Assistant Chief Jay Newell said no to both questions.
"I think every police officer who has ever written a speeding ticket has heard that quota question," he said. "I can't speak for other cities, but we don't have a quota system here. We simply write the ones we see. This year we've had more officers on the streets at more times, so we're going to see more violations. We're looking for them."
As for speed traps, "We don't make a secret of the fact that we're on the roads looking for moving violations," said Newell. "Any place where speeding is prevalent, we attempt to police. That's not a speed trap; that's enforcement of the law. Moving, hazardous violations are our main concern, because they're the ones that pose an immediate danger to other motorists. Basically, we're trying to eliminate the unsafe factors that contribute to collisions, and speeding is one of those unsafe factors."
Increase in tickets doesn't result in more money for Danville
The increase in ticketable offenses hasn't resulted in a financial windfall for the City of Danville.
For every traffic conviction, a General Assembly-mandated court fee of $110.50 is assessed. The violation fine is then added, which varies from $20 for a basic violation like an obstructed windshield, to $60 for speeding 21-25 miles per hour over the limit.
For example, a typical speeding ticket on Fourth Street, where the limit is 35 miles per hour, might be for $30, or 15 over the limit. That makes the total court cost and fine $140.50, assuming the driver elects to pay the fine rather than attend traffic school.
Of that $140.50, how much goes to the City of Danville?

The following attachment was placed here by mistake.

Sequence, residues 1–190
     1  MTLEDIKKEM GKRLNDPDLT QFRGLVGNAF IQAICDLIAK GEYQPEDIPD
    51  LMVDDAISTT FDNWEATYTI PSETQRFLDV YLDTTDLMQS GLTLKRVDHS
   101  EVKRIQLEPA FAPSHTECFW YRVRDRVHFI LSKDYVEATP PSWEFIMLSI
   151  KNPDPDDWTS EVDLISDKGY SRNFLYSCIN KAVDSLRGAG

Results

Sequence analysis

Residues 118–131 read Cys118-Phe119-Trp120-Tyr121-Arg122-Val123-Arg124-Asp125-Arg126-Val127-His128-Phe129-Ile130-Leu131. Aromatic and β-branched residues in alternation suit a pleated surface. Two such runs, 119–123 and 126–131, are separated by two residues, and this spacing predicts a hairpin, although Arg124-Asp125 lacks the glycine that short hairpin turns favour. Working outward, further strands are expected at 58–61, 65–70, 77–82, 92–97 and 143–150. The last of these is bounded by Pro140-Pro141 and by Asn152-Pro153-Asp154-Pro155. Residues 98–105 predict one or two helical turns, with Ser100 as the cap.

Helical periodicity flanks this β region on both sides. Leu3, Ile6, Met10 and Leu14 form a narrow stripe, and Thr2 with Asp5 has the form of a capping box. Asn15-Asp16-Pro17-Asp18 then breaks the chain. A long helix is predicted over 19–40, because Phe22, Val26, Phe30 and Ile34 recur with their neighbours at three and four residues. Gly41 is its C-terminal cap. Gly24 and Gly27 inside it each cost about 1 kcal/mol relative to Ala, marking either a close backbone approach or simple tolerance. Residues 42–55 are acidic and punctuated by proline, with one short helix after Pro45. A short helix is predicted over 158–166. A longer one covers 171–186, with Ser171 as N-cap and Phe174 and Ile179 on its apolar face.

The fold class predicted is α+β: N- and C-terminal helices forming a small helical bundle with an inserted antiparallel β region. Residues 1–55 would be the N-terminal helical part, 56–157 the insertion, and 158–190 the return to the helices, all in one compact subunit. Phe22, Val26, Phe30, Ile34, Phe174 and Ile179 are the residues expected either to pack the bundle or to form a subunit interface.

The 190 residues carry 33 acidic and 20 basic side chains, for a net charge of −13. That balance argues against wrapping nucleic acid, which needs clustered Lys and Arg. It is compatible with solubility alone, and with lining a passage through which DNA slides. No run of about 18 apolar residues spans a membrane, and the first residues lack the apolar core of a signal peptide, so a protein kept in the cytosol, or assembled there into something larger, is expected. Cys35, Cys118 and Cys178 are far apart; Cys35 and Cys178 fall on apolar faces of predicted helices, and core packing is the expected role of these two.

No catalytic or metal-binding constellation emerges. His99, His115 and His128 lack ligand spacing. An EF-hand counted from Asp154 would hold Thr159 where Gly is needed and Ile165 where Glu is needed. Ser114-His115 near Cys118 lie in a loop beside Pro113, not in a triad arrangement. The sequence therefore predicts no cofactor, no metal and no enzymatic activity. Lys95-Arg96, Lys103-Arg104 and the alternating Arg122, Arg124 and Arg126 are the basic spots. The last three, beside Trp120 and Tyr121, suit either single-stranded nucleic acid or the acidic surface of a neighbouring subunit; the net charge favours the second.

Marti Pittman, bookkeeper for Boyle Circuit Court where fines are paid, said the idea that more tickets mean more money for the city is a common misconception.
"We get a lot of startled looks from people when they come in to pay their $30 speeding ticket and find out the bill is $140.50," said Pittman, who has served as bookkeeper for 11 years. "Most people believe the majority of the money goes to the city, and they immediately think when tickets go up, the police are trying to meet a quota system, that the city is short of money. That's not the case, because the city doesn't benefit financially from tickets."
Pittman said the $110.50 in court costs, per HB 452 as of Aug. 1, 2002, are allocated as follows:
* 49 percent to the state's General Fund.
* 10.9 percent to the state's Local Facilities Construction Fund.
* 6.5 percent to the state's spinal cord head injury research.
* 5.5 percent to the state's Deputy clerk enhancement fee.
* 3.5 percent to the state Public Advocacy fund.
* 0.7 percent to the state's Justice Cabinet.
* 10.1 percent to the state's Sheriff Security fund, which is then disbursed to counties at the end of the year.
* 5.5 percent to Boyle Fiscal Court's jail fee fund.
* 50 cents to the county's law library maintenance fund.
Pittman said the fine for the offense itself - $30 in the aforementioned example - goes directly to the state's General Fund.
"The city gets nothing unless an arrest is made, then they get an arrest fee," said Pittman. "That doesn't apply, of course, in most speeding cases. And the money paid to the county is mandated for specific purposes."
More officers means more tickets
Newell said the reasons for the increase in tickets include more officers working more hours, coupled with unusual traffic patterns this summer.
"We have nine more officers this year than last," said Newell. "Those officers went on the street this summer after they completed their field training, and May and June is when they came on duty, for the most part. More motorized patrols are going to mean more violators caught."
Newell said many of the new officers were placed on second and third shifts, and that's when most speeders are caught.
"During the day, most people are at work, and there's not as much speeding," he said. "The second and third shifts, when people are out and about, that's when we're going to catch most speeders."